Data-driven diagnosis

  • InData Labs, a data science and AI company, partnered with the company Flo to implement a neural network—a computer program that identifies and recognizes patterns—to make better predictions for irregular menstrual cycles and ovulation based on the information users enter into a consumer-facing app. The current version of Flo’s neural network by InData Labs can improve predictions of irregular cycles by up to 54%. Improved knowledge about one’s menstrual cycles can help users identify when and which family planning methods may best meet their needs.

Pharma and Medtech

Supply chain and planning optimization

  • Macro-Eyes, an AI company, is developing an AI model to forecast the contraceptive supply chain and ensure health service delivery sites have the necessary supplies when needed by improving availability and efficiency and reducing waste. Macro-Eyes is now testing its model in Côte d’Ivoire. It is drawing on early lessons from the STRIATA project in Tanzania, whose forecasting of vaccine supply and demand helped achieve a 26% decrease in vaccine costs over one year in the Arusha region.

These projects provide early insights into the potential opportunities to incorporate AI tools and technologies to advance family planning programs for decision-makers and program managers designing new solutions or looking to scale tested solutions. While the integration of AI-based solutions will ultimately be based on country context, capacities, and specific needs, innovators and other stakeholders need to continue sharing lessons learned to advance the field.

Where Else Is AI Being Used?

Do you have an AI (or other digital health technology) for a family planning project serving a low- or middle-income country to share? To promote learning on AI for family planning, along with other digital health innovations, the PACE Project at PRB developed the Digital Health Compendium. The compendium is managed by The Medical Concierge Group and aims to consolidate emerging information and data on applications of digital technology in family planning programs to inform the adoption and scale-up of successful approaches. Contact us for the opportunity to get your project featured in the Digital Health Compendium.

women on computers
Krissy Celentano

Owner, Koralaide Consulting

Krissy Celentano, owner of Koralaide Consulting, is a results-driven digital health project manager and technical expert with over ten years working on policy, governance, coordination, technical assistance, and strategic planning in high, low, and middle-income countries. She previously served as a Senior Health Information Systems Advisor to the U.S. Agency for International Development (USAID) in the Office of HIV/AIDS. She chaired the Agency’s Health Informatics Work Group, led internal capacity-building efforts, managed the digital health field champions community of practice, provided country technical assistance, as well as supported the development of a digital health strategy. Krissy also oversaw a data system supporting interagency HIV/AIDS data collection and analysis to inform policy and funding decisions. Prior to joining USAID, Krissy served in several capacities at the Office of the National Coordinator for Health Information Technology in the U.S. Department of Health and Human Services. Krissy is currently an Adjunct Professor of Health Informatics at George Washington University and the Massachusetts College of Pharmacy and Health Services, as well as, an emeritus Advisory Board member of the Global Digital Health Network.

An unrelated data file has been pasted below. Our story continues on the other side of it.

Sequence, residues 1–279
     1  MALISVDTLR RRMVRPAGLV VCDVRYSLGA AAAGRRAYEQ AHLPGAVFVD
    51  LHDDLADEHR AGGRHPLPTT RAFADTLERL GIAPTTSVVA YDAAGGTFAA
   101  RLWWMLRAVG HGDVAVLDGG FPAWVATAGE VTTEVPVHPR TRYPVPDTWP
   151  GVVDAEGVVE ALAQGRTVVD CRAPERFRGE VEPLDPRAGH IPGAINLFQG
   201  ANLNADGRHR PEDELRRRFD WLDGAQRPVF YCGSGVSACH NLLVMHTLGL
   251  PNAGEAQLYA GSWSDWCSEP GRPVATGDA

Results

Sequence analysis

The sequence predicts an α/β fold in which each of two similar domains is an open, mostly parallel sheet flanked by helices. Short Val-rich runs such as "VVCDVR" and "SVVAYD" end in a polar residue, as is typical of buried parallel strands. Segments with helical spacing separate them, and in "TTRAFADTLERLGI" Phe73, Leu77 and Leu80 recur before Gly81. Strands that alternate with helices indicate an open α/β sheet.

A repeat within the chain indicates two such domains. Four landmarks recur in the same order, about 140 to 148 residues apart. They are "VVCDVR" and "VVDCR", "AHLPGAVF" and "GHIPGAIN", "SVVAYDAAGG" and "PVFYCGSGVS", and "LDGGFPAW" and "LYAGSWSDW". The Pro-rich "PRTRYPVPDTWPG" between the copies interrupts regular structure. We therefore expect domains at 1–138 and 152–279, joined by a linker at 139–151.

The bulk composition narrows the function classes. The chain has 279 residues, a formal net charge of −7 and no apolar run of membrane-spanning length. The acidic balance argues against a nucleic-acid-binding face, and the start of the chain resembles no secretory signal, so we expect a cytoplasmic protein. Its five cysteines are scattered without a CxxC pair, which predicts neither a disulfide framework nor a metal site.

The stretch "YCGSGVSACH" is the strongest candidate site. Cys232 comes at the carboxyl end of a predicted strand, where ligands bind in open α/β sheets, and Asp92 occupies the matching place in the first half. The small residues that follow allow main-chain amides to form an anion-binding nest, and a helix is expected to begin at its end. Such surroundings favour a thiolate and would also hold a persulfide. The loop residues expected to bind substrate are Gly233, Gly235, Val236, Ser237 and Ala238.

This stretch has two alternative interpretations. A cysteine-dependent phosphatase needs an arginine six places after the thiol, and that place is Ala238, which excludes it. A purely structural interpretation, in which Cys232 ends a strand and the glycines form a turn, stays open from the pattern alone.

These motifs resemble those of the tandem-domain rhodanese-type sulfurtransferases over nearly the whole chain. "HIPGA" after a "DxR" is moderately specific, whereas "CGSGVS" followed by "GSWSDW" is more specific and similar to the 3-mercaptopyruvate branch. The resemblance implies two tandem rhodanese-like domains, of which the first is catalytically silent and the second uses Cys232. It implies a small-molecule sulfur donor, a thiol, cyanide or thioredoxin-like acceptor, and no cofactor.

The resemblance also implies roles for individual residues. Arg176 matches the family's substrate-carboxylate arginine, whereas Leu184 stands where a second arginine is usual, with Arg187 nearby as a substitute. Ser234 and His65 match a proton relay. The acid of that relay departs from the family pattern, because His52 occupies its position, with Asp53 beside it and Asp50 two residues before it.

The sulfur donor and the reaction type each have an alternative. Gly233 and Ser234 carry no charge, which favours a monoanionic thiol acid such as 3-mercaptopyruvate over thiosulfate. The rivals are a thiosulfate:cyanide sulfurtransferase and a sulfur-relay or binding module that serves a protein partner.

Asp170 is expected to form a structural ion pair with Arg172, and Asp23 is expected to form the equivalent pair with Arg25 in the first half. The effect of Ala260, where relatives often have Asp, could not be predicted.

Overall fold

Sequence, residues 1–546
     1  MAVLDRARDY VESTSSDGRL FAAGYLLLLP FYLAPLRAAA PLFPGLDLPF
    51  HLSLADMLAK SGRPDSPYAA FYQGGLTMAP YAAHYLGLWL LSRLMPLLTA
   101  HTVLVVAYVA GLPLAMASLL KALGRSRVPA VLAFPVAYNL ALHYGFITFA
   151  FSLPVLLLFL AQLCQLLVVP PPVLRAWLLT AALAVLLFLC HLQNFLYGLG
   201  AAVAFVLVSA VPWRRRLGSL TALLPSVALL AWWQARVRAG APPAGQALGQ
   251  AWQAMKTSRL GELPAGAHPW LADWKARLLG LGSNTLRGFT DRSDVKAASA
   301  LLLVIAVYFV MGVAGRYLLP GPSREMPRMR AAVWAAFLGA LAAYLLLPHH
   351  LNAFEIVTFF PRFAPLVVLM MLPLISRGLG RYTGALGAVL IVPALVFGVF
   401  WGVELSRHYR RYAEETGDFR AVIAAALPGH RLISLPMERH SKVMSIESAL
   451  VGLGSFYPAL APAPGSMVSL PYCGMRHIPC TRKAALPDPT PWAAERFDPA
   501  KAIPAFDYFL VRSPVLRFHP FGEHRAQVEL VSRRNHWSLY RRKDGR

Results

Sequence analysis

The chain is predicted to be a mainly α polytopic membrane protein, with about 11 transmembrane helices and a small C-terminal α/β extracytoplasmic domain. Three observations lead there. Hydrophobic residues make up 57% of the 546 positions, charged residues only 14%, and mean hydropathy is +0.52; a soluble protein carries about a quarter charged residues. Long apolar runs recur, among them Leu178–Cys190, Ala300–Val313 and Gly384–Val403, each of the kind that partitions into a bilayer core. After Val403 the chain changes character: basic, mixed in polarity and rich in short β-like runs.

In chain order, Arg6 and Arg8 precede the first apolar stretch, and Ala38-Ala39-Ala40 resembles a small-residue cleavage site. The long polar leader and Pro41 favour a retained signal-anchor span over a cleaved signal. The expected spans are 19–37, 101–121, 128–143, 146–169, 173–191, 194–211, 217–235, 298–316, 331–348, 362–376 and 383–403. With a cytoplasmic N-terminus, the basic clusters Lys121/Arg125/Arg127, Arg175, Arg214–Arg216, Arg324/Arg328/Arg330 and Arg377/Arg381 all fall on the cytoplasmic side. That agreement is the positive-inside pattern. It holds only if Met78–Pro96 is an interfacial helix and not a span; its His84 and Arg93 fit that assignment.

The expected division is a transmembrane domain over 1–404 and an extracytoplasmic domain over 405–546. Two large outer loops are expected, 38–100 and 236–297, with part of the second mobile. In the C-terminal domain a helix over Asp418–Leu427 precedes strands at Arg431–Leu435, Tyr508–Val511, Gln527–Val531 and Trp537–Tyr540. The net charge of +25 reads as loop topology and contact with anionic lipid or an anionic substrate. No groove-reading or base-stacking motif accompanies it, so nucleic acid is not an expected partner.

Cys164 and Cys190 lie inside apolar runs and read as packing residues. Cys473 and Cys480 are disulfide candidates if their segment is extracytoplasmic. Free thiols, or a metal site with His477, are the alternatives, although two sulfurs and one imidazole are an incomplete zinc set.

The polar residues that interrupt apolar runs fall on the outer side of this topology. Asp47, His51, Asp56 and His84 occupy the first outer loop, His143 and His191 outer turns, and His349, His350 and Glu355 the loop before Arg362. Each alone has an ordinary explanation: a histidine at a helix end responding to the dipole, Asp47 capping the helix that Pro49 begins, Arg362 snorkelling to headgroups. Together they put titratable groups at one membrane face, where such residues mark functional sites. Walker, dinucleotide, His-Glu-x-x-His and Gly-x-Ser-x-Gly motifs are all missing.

Toshiko Kaneda, PhD

Senior Research Associate, International Programs, Population Reference Bureau (PRB)

Toshiko Kaneda is a senior research associate in International Programs at the Population Reference Bureau (PRB). She joined PRB in 2004. Kaneda has 20 years’ experience conducting research and demographic analysis. She has written numerous policy publications and peer-reviewed articles on topics such as reproductive health and family planning, noncommunicable diseases, population aging, and health care access. Kaneda directs data analysis for the World Population Data Sheet and provides technical guidance on demographic and statistical methods within PRB, as well as to external partners. She also directs the policy communications training program at PRB, supported by the National Institutes of Health. Prior to joining PRB, Kaneda was a Bernard Berelson Fellow at the Population Council. She holds a Ph.D. in sociology from the University of North Carolina at Chapel Hill, where she was also a predoctoral trainee at the Carolina Population Center.